The internet must be changed to help it cope with what the future holds for it, according to chip maker Intel.
The net could face a difficult future
The US company's chief technology officer, Pat Gelsinger, says new uses and millions more users could stretch the net to breaking point.
In a keynote speech at an Intel conference, he said building a new network on top of the old would end many of the problems plaguing the net.
The overlay would avoid virus attacks and cope with traffic surges, he said.
"We're running up on some architectural limitations," the Intel official told delegates.
The basic technologies underlying the internet were developed more than 30 years ago and, said Mr Gelsinger, were never meant to cope with the number of users and amount of data traffic seen on the net today.
As millions more net users join from developing nations, the net could begin to buckle under the strain, he said.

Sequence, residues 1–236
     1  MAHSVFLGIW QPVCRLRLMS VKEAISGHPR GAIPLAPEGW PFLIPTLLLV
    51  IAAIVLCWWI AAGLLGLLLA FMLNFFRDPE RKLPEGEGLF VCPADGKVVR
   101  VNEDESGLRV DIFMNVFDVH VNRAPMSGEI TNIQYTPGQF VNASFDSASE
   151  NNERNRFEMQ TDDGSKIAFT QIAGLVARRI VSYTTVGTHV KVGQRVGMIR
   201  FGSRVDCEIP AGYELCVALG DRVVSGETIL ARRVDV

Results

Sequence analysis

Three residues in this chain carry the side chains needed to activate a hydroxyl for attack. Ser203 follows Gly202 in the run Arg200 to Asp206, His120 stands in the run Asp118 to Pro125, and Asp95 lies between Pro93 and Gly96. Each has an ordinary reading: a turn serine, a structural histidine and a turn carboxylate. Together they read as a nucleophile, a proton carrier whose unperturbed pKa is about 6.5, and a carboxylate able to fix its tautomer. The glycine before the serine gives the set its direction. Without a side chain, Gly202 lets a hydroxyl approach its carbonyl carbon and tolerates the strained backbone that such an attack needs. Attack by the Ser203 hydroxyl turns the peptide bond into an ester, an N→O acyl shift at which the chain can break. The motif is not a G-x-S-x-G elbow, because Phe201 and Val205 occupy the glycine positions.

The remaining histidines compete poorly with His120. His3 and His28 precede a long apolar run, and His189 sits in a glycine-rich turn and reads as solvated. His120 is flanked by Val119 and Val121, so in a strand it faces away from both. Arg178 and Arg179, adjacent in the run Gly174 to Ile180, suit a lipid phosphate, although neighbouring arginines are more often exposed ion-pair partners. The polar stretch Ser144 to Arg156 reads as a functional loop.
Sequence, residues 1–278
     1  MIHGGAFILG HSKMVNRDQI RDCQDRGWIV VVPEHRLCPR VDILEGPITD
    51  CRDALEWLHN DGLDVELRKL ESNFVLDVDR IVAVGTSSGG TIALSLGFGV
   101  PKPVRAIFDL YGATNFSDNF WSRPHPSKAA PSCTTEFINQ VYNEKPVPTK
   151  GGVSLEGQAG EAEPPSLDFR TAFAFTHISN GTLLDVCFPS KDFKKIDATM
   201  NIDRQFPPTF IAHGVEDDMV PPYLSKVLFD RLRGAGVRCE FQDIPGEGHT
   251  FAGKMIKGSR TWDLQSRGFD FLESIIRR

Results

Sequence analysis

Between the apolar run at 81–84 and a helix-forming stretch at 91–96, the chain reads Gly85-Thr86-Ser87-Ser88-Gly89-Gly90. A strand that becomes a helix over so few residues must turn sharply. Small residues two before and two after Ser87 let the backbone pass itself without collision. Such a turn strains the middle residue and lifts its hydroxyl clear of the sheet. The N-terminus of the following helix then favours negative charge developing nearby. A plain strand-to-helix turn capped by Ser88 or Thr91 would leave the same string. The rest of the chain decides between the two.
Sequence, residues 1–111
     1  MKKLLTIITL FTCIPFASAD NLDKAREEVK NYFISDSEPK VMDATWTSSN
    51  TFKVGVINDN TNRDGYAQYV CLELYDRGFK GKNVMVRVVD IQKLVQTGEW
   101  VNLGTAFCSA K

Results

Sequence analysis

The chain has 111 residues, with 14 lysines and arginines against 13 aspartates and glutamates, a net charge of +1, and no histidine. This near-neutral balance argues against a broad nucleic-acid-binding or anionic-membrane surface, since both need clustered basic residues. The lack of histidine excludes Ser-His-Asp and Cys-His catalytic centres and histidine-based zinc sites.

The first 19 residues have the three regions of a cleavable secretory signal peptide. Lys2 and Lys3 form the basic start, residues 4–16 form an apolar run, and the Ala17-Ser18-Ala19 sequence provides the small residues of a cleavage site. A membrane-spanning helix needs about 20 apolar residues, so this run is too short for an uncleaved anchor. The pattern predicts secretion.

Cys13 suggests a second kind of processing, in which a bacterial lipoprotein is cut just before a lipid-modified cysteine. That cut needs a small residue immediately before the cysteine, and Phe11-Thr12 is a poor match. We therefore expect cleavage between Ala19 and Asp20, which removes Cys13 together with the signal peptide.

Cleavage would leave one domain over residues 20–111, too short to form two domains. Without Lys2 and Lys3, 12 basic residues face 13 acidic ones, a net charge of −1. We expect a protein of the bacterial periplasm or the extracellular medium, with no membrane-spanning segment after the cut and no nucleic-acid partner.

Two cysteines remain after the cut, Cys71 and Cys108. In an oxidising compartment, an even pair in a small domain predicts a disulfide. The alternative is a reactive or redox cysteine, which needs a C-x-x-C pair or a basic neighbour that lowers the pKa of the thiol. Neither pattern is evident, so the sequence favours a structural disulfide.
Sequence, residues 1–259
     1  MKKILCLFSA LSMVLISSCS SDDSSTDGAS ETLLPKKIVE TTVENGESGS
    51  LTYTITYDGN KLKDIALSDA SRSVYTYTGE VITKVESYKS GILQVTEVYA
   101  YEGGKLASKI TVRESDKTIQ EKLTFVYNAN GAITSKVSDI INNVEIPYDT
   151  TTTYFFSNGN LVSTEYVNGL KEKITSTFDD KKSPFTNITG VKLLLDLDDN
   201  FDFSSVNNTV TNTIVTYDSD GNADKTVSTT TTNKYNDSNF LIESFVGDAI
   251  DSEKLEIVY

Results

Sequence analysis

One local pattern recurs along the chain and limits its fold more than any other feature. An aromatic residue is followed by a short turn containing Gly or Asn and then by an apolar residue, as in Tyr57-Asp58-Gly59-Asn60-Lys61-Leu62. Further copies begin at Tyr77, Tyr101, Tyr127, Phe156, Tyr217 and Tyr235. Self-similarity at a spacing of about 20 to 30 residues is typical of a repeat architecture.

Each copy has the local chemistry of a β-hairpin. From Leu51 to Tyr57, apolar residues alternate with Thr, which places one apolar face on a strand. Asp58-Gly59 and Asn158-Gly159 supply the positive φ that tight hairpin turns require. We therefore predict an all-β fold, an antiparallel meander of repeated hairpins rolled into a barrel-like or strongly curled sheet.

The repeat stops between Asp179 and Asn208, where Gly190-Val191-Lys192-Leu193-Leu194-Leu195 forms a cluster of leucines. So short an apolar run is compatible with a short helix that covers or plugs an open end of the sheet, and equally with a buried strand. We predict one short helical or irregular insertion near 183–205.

To help the net cope, Mr Gelsinger proposed creating a better internet on top of the old one.
This smarter overlay would take a much more active part in watching what was happening online and make changes to help it cope with potential problems.
The future smarter net envisioned by Mr Gelsinger would spot and stop worm outbreaks before they caused widespread disruption and route traffic more intelligently to cope with the peaks of troughs of data.
Such a network would also be optimised for the web services that many experts believe will start to take hold in coming years.
Web services tie together trading partners in close relationships and rely on a reliable, secure infrastructure to run.
Mr Gelsinger said a prototype for this new type of internet already existed in the form of the Planet Lab project.
This network, funded by Intel, is made up of 429 network nodes in 181 sites that connects 150 universities and corporate research labs to each other.
Organisations using Planet Lab include Princeton, the University of Cambridge, Hewlett-Packard and AT&T.
Mr Gelsinger said Intel wanted its hardware to be at the heart of this overlay system.
"If the net grows to 100 billion devices connected to it, our goal is to have a piece of Intel inside in every one of those hundred billion," he said.
Mr Gelsinger was speaking at the Autumn Intel Developer Forum that was held in San Francisco from 7-9 September.